Questionwhat are the rights and duties of the lessor and the remedies available if there is a breach of contract
AnswerThe rights and obligations of a lessor to a landlord and vice versa are numerous. Below some of the more important or commonly mentioned rights/obligations will be listed. Rights of the Lessor • The right to quiet enjoyment of the land. Unless there is an express provision within a lease that removes this covenant, it is presumed to exist. This right prevents a landlord from ‘substantially interfering with the tenant’s title’ (para, Lord Millet, Southwark), acts that ‘substantially interfere’ are vast and include excessive noise and the removal of a properties’ fixtures (Lavender). • Non-Derogation from Grant. This principle is an extension of the legal maxim of common honesty (Lord Justice Younger, Harmer). Essentially, it prevents a landlord from frustrating the purpose for which both parties acknowledged the land was leased. • Breach of repair obligations. A landlord is subject to the lessor’s right to repair of the leased property under s.11-14 of the Law of Property Act 1985, subject to s.14 of the Landlord and Tenant Act 1985. Remedies for breach of a Lessor’s rights Before the rights of the landlord are discussed, some of the potential remedies available to the lessor will be listed. • Damages. Damages can be sought for contractual breach. • Breach of repair obligations. Other alternate remedies are available to the courts for breach of repair obligations. One of the potential remedies available in these instances is the appointment of a receiver (Supreme Courts Act 1981, s.37). Said receiver takes over the landlord’s responsibility to collect rent. This rent ‘received’ is then used on repairs that the landlord neglected to perform, with the remaining money being returned to the landlord, minus any costs. Obligations of the Lessor • Express covenants decided upon by the parties. • Implied covenants including, the payment of rent (in kind? Law of Property Act 1925, s205(1)(xxvii)), using the property in a responsible manner and paying rates and taxes not expressly attributable to the landlord.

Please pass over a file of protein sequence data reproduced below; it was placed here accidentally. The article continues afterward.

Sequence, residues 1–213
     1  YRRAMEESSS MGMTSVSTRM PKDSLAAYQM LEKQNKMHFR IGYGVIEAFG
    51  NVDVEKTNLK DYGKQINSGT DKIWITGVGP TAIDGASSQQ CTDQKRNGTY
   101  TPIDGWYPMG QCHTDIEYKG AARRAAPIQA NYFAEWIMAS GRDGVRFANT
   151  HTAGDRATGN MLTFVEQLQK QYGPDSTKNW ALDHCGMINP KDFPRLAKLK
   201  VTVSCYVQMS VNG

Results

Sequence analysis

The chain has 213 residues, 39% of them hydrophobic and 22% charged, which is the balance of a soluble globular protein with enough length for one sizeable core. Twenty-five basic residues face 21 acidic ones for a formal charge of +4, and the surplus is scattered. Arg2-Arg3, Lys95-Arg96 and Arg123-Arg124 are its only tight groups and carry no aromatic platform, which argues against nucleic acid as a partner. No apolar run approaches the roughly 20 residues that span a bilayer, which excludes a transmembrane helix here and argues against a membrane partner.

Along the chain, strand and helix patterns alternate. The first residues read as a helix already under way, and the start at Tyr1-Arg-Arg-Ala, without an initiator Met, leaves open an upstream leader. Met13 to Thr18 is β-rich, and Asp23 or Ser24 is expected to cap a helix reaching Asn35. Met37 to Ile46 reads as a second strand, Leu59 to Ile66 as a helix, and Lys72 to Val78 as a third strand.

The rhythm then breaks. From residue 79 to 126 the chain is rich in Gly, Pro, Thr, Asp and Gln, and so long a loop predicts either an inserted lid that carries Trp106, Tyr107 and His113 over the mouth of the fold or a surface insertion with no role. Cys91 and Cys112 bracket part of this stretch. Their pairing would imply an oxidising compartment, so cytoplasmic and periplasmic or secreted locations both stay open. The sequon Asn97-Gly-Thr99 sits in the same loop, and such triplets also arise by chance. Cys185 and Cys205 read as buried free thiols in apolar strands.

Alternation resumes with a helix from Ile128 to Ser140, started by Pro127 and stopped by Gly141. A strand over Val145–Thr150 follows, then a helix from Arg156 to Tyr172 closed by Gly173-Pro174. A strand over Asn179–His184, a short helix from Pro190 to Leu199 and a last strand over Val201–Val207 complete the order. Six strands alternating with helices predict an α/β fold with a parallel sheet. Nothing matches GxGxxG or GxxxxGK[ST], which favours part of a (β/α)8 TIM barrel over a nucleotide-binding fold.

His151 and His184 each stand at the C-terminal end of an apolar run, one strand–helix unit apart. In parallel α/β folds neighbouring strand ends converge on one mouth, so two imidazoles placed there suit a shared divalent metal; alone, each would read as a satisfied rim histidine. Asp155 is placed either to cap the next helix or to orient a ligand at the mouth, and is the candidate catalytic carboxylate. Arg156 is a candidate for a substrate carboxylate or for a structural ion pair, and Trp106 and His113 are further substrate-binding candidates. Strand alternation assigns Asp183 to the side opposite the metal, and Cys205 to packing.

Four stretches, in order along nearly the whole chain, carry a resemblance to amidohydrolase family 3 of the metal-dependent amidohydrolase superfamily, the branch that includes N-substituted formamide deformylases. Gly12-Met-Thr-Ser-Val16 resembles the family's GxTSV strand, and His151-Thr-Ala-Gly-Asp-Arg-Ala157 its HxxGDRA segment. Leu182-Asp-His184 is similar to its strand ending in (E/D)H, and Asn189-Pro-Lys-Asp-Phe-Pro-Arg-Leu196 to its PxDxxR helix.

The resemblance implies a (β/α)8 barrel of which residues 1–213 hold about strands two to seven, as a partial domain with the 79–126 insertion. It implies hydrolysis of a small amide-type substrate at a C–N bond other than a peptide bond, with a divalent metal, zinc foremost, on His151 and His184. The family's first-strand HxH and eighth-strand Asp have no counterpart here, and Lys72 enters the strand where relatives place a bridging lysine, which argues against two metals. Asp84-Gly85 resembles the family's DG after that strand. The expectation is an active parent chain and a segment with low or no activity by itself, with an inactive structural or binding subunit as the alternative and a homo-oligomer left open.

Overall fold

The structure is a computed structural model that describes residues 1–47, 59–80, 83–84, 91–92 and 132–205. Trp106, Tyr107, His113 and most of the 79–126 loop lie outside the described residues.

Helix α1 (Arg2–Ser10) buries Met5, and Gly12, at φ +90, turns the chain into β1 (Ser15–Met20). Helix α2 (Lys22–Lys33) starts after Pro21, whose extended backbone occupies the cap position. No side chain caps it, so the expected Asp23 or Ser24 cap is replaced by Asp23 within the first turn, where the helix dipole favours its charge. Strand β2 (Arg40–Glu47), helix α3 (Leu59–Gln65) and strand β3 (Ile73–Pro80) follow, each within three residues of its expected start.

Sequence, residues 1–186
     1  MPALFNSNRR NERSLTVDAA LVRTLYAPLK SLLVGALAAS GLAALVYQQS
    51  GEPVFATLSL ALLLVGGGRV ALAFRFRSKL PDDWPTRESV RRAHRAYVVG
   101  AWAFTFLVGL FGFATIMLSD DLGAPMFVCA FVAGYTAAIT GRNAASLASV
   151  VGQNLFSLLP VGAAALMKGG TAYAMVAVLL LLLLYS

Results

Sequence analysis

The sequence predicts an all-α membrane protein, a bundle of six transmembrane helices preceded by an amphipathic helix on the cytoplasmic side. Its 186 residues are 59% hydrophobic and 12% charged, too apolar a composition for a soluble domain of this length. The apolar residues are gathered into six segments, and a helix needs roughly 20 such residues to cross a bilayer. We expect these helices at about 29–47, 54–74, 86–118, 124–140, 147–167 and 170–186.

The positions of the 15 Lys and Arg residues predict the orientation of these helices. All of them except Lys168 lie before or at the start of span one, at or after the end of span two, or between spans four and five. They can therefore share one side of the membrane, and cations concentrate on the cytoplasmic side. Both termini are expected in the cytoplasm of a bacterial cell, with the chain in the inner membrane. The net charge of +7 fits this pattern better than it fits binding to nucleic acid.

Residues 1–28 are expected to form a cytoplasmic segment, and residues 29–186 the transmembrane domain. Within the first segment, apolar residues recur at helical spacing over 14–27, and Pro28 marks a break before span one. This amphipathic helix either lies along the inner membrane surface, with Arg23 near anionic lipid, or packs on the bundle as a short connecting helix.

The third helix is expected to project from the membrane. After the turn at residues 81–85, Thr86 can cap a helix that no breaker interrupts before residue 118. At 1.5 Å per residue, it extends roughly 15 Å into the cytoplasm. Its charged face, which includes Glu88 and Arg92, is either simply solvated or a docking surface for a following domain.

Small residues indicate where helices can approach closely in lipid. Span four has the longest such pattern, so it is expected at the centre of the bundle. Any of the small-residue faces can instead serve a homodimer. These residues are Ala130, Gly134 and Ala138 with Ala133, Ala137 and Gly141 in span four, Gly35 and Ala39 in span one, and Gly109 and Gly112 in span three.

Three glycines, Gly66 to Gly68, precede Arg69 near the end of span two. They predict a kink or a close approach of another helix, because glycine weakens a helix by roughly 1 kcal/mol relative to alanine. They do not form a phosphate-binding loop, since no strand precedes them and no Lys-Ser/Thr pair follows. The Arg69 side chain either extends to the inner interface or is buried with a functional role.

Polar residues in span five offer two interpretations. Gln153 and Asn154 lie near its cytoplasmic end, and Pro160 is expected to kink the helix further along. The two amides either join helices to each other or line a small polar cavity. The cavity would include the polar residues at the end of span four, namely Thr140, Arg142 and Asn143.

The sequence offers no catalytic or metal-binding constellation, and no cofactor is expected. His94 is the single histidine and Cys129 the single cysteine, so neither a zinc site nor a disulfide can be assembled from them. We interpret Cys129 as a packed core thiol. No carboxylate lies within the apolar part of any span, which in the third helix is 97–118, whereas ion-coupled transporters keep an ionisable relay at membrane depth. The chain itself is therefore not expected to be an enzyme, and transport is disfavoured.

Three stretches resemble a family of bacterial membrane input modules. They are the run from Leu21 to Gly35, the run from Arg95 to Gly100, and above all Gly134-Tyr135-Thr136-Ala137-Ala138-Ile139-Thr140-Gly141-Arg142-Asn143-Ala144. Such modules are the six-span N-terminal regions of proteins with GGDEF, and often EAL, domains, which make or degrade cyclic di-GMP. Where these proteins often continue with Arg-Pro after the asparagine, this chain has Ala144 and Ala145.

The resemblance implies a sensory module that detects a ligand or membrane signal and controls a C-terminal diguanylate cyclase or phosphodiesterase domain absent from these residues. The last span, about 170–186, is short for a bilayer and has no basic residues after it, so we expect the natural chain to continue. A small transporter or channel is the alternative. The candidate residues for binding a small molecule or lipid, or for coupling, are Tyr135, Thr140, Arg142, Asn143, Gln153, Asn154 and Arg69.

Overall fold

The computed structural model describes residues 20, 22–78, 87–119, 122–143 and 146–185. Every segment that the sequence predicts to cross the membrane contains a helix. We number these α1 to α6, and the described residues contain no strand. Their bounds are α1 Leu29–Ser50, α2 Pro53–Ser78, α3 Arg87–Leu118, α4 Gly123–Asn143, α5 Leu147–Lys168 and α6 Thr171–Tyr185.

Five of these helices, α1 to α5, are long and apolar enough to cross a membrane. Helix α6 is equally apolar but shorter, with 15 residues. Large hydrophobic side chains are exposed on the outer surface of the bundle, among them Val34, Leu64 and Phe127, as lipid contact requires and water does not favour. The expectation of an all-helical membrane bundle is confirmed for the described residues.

ReferencesHarmer v Jumbil (Nigeria) Tin Areas Ltd  1 Ch 200 Lavender v Betts  2 All ER 72 Landlord and Tenant Act 1985 Law of Property Act 1925 Law of Property Act 1985 Southwark LBC Mills  1 AC 1
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